“I’m okay; you’re a heretic.” That sounds like the title of a humor book. In reality, these words reflect how some Christians treat other Christians who hold to a different view of Bible prophecy.
A popular Christian radio personality recently charged that “pre-tribs”—those who believe the rapture will occur before the tribulation period—are heretics. This radio host was a “post-trib” who staunchly defends the idea that the rapture will occur after the tribulation. Likewise, a book written by a well-known pre-trib author said that post-tribs are heretics. Back and forth it goes.
The truth is that neither are heretics—and it is as unkind as it is un-Christian to make such charges. Here is a primary principle I want you to remember:
We can all hold strong opinions about Bible prophecy while at the same time agreeing to disagree in an agreeable way when we have differences of opinion on nonessential matters.
There are four truth pillars that undergird this primary principle:
1. Focusing on the Big Stuff Helps Keep Everything Else in Proper Perspective
A daily awareness of the big stuff of Bible prophecy—on which almost all of us agree—helps us to keep our minor differences in proper perspective. The big stuff on which we can all agree includes:
- Christ is coming again in glory.
- All of us as Christians will receive incredible glorified bodies (resurrection bodies).
- All people—both Christians and non-Christians—will face some form of judgment in the afterlife.
- Christians will live forever with God face to face in heaven.
- For Christians, in the afterlife, there will be no more sin, sickness, suffering, Satan, or death.
As we keep our focus primarily on the big stuff of Bible prophecy, we can choose to cut each other some slack on issues of lesser importance—such as the precise timing of the rapture, whether it is before, during, or after the tribulation period.
2. We Should Avoid Breaking Fellowship over Issues of Lesser Importance
Though I am a full-fledged and fully convinced pre-trib, I have both mid-trib and post-trib friends. I think they are wrong in their views, but I still love them. Even amid our minor debates, we need not have divisive attitudes. When interpreting prophecy, I think we all need a good dose of humility to temper our leanings toward dogmatism.
Given that human beings are finite and fallible, it is understandable that there will be differences of opinion. There is no reason that each of us cannot hold our own cherished views on the specific issues of Bible prophecy—and even become fully convinced that we are right on the matter. However, there is good reason that none of these nonessential teachings should be a universal test of orthodoxy or Christian fellowship.
Regardless of whether all Christians are in complete agreement with us on minor issues related to prophecy, our primary identity should center on being a Christian who loves all other Christians. Even when we express our differing views to other Christians, we want to do it lovingly.
3. Believe AND Behave: Both Are Necessary
It is not merely what we believe, but how we behave that is important. Jesus certainly emphasized the importance of truth. He said, “You will know the truth, and the truth will set you free” (John 8:32). But He also said that love is the distinguishing mark of a Christian (John 13:35). One can be right in what he says and wrong in how he says it.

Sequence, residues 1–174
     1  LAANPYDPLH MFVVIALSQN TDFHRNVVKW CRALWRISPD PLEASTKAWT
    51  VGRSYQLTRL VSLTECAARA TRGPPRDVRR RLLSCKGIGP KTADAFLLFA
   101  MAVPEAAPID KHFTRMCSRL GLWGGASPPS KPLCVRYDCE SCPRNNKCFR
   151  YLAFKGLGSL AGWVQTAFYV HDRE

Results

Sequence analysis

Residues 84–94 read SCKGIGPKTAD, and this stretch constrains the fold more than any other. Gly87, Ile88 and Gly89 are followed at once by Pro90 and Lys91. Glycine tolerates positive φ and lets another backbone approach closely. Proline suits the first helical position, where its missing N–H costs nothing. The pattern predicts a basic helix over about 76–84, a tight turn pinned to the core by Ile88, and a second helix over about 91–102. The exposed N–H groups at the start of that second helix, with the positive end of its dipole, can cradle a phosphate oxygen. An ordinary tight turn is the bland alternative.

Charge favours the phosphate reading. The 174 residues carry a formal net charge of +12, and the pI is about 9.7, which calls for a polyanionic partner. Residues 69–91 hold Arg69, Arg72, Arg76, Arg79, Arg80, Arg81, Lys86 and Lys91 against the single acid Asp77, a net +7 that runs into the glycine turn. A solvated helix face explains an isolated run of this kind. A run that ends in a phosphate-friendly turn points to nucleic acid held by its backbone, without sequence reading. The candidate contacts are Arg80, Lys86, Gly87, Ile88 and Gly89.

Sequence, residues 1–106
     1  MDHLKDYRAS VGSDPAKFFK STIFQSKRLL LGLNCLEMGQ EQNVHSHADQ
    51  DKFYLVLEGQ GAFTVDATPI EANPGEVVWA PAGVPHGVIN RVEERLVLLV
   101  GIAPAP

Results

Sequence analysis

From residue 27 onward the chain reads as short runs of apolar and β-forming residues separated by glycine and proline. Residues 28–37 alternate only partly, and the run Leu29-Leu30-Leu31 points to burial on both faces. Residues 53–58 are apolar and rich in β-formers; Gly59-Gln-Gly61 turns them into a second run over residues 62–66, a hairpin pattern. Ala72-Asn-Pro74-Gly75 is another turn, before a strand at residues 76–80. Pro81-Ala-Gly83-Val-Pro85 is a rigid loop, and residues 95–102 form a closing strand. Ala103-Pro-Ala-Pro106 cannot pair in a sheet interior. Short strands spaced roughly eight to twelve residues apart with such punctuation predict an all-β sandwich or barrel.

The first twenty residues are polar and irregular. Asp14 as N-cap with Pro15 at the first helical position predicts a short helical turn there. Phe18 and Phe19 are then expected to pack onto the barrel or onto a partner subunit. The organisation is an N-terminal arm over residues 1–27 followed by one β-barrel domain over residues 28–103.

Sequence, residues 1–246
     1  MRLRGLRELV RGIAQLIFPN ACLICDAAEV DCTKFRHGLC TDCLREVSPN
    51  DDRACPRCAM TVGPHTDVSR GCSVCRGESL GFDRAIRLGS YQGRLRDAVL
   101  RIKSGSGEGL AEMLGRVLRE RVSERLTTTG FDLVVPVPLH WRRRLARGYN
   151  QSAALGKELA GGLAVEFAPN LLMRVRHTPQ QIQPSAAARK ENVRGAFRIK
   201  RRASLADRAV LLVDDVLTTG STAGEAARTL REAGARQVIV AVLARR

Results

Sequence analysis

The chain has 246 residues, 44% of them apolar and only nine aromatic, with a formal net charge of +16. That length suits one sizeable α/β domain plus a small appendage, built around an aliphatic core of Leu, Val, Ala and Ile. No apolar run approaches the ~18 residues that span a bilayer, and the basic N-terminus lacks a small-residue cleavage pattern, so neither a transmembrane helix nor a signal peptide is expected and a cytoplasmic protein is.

I love the writings of J.C. Ryle. In his classic book titled Holiness, he notes how hurtful words can be among Christians who disagree with each other and how such words are self-defeating:
I must enter my protest against the sneering, taunting, contemptuous language which has been frequently used of late…To say the least, such language is unseemly, and only defeats its own end. A cause which is defended by such language is deservedly suspicious. Truth needs no such weapons. If we cannot agree with men, we need not speak of their views with discourtesy and contempt.
I believe Ryle is correct. He would undoubtedly agree with theologian J.I. Packer, who—addressing how Christians should treat each other—suggests a metaphor of a family:
How ought families—siblings, specifically brothers and sisters—to behave? Well, you are not going to deny that siblings ought to act like and look like parts of a family. If brothers and sisters never meet together, never speak to each other, appear to be entirely indifferent to each other—that is an unnatural and scandalous state. That would be true of any human family. I put it to you without fear of contradiction: the same is true of the family of God.
Packer’s point is that “divisions in the church which prevent the family from acting like one family and the body from functioning like one body…are unnatural; unnatural to the point of being shameful.” The better way is the path of love and charity.
4. Speaking the Truth in Love
The apostle Paul struck the perfect balance when he exhorted the Ephesians about the importance of “speaking the truth in love” (Ephesians 4:15). Paul was a profound defender of the truth, but he was always loving.
When I read Paul’s words, I am reminded of this well-known maxim:
In essentials, unity;
in nonessentials, liberty;
and in all things, charity.
Speaking the truth in love may not always be easy, but it is the charitable thing to do!
—Ron Rhodes, author of Basic Bible Prophecy
 J.C. Ryle, Holiness (Moscow, ID: Charles Nolan, 2001), xxiii.
 J.I. Packer, Serving the People of God (United Kingdom: Paternoster Press, 1998), 23.
 Packer, Serving the People of God.